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Mystery: Ailing Pennsylvania Man Dies on the Coldest Night of the Year on Cellblock Where Someone Died from Hypothermia Months Before

A Pennsylvania man’s death on the medical block of a detention center has raised the record number of fatalities in the facility and brought on questions about the treatment of people being detained there.

Richard Carter, 63, died in the Dauphin County Prison after a “medical emergency” on Christmas Eve. It was the coldest day of the year, Penn Live reports. Another man died from hypothermia on the same row of the detention center months before Carter.

Richard Carter Dauphin County Prison
Richard Carter died Dec. 24, 2022, in the Dauphin County Prison. (Photo: Facebook/Jolynn Durden)

Hypothermia occurs when a person’s body loses heat faster than it can produce it. It usually occurs when a person’s body temperature drops below 95 degrees Fahrenheit.

The district attorney and county coroner have launched an investigation into Carter’s death, according to FOX 43.

The man’s family and friends told Penn Live that he had several medical issues, including using an oxygen tank for chronic obstructive pulmonary disease, a condition that obstructs airflow from the lungs.

However, Carter’s family and friends said he had maintained control of his health issues for decades. But on Dec. 24, while it was six degrees Fahrenheit outside, the man was pronounced dead after succumbing to the medical emergency. Investigators must determine how cold Carter’s cell was before medical staff attended to his crisis. Reports show it was 73.5 degrees Fahrenheit in his cell immediately after the crisis was noticed shortly after midnight.

More than 1,000 people were housed in the Harrisburg, Pennsylvania, facility as of Nov. 16, according to the warden’s most recent report. The number has stayed in the same range for the previous four months with about 30 percent to 40 percent of the population requiring medications for medical conditions.

Protesters gather at the Dauphin County Prison
Community activists organized a protest to call attention to problems at Dauphin County prison on June 13, 2022. (Photo: YouTube/Penn Live)

Carter had been in the facility for three days before his death. He entered the facility on Dec. 20 after refusing to leave his ex-girlfriend’s home. His death was the 17th one at the Dauphin County Prison, reportedly making it one of the deadliest in the state.

Reports show that a nurse gave Carter medicine for his preexisting issues two-and-a-half hours before the emergency, around 9:30 p.m. The county has not released Carter’s cause of death.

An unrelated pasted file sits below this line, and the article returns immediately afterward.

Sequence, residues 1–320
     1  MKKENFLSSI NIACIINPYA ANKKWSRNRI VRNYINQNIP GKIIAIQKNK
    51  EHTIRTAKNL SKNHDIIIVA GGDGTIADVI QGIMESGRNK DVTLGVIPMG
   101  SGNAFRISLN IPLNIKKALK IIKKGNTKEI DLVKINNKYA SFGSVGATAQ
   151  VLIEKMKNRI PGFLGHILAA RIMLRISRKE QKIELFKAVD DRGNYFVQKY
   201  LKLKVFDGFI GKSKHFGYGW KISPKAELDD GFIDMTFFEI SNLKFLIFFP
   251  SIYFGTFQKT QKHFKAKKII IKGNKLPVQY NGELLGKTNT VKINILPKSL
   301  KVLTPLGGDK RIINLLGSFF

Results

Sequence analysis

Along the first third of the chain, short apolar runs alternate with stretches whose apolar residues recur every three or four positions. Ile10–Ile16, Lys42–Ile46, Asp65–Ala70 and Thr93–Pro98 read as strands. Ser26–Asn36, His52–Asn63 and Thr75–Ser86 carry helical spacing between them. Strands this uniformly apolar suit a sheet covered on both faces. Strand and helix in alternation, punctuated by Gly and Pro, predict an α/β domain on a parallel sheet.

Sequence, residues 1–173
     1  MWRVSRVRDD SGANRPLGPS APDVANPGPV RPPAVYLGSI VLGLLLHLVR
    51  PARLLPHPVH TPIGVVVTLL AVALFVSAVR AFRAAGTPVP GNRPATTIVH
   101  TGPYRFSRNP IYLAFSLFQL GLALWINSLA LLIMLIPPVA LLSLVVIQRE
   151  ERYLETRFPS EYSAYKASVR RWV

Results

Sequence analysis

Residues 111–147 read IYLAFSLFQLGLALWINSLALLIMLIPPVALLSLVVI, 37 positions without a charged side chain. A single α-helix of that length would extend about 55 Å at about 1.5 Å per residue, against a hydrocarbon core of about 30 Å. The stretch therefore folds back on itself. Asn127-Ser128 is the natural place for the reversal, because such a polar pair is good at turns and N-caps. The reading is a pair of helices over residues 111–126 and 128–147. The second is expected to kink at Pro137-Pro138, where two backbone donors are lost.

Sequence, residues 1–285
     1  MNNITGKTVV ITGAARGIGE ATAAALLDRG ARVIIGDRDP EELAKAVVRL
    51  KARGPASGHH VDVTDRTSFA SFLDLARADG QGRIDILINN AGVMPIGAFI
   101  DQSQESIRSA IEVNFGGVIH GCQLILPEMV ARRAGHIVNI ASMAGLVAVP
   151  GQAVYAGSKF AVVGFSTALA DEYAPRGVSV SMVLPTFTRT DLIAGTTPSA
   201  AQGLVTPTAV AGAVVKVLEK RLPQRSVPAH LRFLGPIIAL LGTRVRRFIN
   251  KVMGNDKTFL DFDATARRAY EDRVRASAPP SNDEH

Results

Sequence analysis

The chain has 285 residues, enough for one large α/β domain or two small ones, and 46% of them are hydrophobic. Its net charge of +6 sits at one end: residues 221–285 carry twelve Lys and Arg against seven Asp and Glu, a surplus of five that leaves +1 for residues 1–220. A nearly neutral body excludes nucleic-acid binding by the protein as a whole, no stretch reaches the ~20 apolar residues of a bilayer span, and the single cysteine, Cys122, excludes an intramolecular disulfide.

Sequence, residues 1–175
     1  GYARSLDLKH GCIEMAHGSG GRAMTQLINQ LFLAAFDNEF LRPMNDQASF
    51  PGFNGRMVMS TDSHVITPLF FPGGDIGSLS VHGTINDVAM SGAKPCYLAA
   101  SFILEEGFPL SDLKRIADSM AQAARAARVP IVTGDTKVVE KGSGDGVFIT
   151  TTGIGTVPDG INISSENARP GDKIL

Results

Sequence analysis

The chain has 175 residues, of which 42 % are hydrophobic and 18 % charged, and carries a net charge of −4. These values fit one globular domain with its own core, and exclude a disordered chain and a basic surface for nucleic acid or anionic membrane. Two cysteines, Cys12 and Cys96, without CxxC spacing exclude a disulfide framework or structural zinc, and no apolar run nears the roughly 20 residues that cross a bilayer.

Sadie Hostley said she and Carter had been broken up for some time before he asked an ambulance to drop him to her home last October after a stint in the hospital. She told Penn Live that he became temperamental.

Carter got into an altercation with her son and pulled a knife on the man. Police instructed Hostley to request a protective order against Carter, which they served him on Dec. 20, but he refused to leave and was arrested.

Police reportedly had to switch Carter’s regular oxygen tank for a travel version, and he had complications breathing during the transfer. County officials said he was placed in a solo cell with an electrical outlet, where he was checked on every 15 minutes.

Officials said that more information regarding Carter’s death will be released at a later time, “considering the investigation and the decedent’s HIPAA rights.”

Jamal Crummel Dauphin County Prison
Jamal Crummel died Jan. 31, 2022, in the Dauphin County Prison. (Photo: YouTube/ABC 27)

It took several months for county officials to release the cause of death for Jamal Crummel, who was on the same cell block on Jan. 31.

Corrections staff found Crummel, 45, unresponsive in his cell, according to CBS 21. The man had been booked in the facility on Sept. 15, 2021, for assault charges, after allegedly attempting to hit six state troopers with his vehicle.

Crummel was also on medication, which corrections officials said he refused to take before he died. He spent a month in the hospital after being diagnosed with hypothermia up until a week before his death. In February, Dauphin County district attorney Fran Chardo said Crummel had hypothermia but ruled it out as his cause of death. He said the temperature in the man’s cell had been 62 degrees Fahrenheit when he died.

Crummel was wearing a short-sleeved shirt and was surrounded by several uneaten meals when he was discovered, Penn Live reports. Six months later, county officials announced that he died from scarring of the heart and hypothermia.

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